Given we fully use the threads, should we have as many blocks as possible or should we let each thread to do as much work as possible?

Hi everyone, I am new to CUDA programming and my question is given by the title.
For example, if we need to sum a 2^100 vector, should we let each thread to sum 2 numbers and have many blocks, or should we have just enough blocks to fill the GPU and let each thread to sum many numbers? Which one is faster?

For a well crafted sum reduction, a smaller number of threads, while still achieving full occupancy, will generally perform better. The rationale is given here. We want to do as much work as possible in the serial per-thread running sum phase, before we switch to the parallel sweep. This is maximized by reducing the total threads in the grid as I suggest.

(You won’t be able to sum a 2^100 vector in a single pass on a GPU, probably, but the point is valid for smaller vector sizes.)

You generally don’t want to drop far below full occupancy, because this will eventually have a negative effect on achievable bandwidth, and the algorithm as a whole is memory bandwidth bound. So if you’re interested in absolute peak performance, it might be necessary to benchmark several cases. But the desirable grid size range will be at or close to maximum occupancy, and no more, for this kind of canonical parallel reduction.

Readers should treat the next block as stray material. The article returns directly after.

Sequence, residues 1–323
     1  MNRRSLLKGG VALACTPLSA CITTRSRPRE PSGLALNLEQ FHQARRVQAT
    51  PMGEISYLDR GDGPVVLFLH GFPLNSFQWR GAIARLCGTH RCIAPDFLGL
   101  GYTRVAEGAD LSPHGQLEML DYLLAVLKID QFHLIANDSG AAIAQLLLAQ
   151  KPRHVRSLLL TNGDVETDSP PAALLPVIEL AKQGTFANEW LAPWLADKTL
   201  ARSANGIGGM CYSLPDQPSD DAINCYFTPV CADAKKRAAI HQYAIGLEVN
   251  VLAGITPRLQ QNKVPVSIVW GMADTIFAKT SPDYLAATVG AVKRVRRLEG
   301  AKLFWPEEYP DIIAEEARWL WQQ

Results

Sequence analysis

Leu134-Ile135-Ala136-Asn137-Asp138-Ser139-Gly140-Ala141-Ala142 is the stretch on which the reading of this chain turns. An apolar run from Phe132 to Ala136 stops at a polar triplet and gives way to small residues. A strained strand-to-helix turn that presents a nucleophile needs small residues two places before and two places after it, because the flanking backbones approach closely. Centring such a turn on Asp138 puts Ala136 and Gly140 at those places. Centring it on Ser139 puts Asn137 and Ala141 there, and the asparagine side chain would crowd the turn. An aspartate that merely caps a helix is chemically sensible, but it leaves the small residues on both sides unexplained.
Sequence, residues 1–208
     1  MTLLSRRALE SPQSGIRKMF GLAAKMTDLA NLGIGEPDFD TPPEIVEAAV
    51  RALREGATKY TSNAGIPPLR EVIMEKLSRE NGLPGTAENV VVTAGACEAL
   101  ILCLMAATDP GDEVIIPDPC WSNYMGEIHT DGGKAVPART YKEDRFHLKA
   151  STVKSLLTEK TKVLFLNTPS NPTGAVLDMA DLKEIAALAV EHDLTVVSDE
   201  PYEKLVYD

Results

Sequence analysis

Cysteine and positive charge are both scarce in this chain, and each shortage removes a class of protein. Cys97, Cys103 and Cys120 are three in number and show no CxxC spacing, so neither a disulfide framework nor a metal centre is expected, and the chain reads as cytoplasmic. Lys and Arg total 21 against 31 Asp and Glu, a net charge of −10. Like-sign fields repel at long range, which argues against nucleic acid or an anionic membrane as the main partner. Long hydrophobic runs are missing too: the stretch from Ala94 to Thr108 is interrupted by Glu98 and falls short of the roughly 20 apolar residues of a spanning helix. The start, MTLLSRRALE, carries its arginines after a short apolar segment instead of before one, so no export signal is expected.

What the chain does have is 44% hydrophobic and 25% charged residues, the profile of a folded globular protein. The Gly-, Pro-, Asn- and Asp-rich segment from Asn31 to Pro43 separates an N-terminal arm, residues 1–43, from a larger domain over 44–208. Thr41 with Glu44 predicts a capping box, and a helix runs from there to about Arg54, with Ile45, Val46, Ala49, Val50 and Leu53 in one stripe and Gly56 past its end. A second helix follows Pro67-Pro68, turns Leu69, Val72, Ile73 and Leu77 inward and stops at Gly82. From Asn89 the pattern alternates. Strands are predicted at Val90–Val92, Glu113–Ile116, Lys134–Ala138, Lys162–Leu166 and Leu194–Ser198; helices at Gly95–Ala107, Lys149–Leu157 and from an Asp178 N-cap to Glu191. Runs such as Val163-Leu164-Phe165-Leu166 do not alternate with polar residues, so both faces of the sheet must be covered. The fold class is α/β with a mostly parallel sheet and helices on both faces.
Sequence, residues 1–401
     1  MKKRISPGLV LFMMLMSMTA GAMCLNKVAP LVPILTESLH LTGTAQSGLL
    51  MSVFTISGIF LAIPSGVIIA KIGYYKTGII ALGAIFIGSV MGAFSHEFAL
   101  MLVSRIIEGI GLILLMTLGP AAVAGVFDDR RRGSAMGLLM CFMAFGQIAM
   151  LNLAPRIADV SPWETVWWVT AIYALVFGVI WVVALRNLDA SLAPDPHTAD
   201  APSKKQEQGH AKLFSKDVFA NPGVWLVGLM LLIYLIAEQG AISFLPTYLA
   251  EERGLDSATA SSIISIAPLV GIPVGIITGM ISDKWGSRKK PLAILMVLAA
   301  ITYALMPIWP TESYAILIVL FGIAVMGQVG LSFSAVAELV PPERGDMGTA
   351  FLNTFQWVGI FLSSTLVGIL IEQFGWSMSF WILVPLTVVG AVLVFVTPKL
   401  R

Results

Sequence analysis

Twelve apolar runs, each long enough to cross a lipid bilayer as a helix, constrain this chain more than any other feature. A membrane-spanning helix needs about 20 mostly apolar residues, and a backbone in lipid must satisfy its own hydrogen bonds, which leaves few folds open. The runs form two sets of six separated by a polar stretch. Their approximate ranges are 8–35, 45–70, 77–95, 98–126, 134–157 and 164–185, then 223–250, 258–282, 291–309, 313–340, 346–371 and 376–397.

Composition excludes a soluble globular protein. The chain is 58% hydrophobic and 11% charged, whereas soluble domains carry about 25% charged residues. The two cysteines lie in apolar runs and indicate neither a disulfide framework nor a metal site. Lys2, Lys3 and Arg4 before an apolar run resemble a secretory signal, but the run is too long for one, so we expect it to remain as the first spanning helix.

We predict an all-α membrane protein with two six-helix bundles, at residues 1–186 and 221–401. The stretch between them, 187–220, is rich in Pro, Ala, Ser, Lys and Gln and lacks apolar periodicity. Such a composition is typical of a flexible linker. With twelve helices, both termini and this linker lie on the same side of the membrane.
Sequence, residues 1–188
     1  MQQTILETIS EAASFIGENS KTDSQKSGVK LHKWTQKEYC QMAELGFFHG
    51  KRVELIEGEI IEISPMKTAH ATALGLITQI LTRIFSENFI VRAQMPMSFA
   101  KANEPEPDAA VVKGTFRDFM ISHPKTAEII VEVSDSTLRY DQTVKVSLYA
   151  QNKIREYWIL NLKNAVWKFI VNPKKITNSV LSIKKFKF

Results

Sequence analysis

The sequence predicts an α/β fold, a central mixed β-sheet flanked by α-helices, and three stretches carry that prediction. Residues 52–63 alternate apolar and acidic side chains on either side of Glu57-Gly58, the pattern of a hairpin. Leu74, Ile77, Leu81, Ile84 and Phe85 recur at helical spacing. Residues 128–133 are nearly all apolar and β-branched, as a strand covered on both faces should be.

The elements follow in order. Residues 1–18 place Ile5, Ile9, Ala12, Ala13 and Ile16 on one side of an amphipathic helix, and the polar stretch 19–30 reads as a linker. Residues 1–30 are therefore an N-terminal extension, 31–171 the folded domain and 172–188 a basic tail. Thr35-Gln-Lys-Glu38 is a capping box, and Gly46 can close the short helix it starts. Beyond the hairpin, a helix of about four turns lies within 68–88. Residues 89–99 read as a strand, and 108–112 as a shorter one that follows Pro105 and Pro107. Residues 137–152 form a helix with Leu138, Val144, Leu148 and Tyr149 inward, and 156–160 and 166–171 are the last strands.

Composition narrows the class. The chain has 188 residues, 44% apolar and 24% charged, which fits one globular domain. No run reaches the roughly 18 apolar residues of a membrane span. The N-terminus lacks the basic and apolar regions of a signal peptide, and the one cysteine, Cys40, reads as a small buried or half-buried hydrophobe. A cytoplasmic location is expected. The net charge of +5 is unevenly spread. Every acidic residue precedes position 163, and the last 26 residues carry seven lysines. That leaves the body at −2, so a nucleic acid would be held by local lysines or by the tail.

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Thank you! As a follow up question, would you say the two stage reduction explained in is the standard approach for reduction? Are there more involved tricks(multi stages for example)?

Yes, I would still say that is the “standard approach” but the shared memory sweep reduction may be replaced with a warp-shuffle reduction for better performance in some cases. That is also covered in the link I gave. There are other optimizations that can be made that may or may not give a noticeable performance improvement, such as eliminating the second stage via atomics or a threadblock-draining strategy. The first “optimization” (atomics at the end of the parallel sweep) is covered here and the second one has a CUDA sample code (threadfence reduction) to provide an example.

Reductions can be used for a variety of purposes. One design pattern does not fit all use cases.

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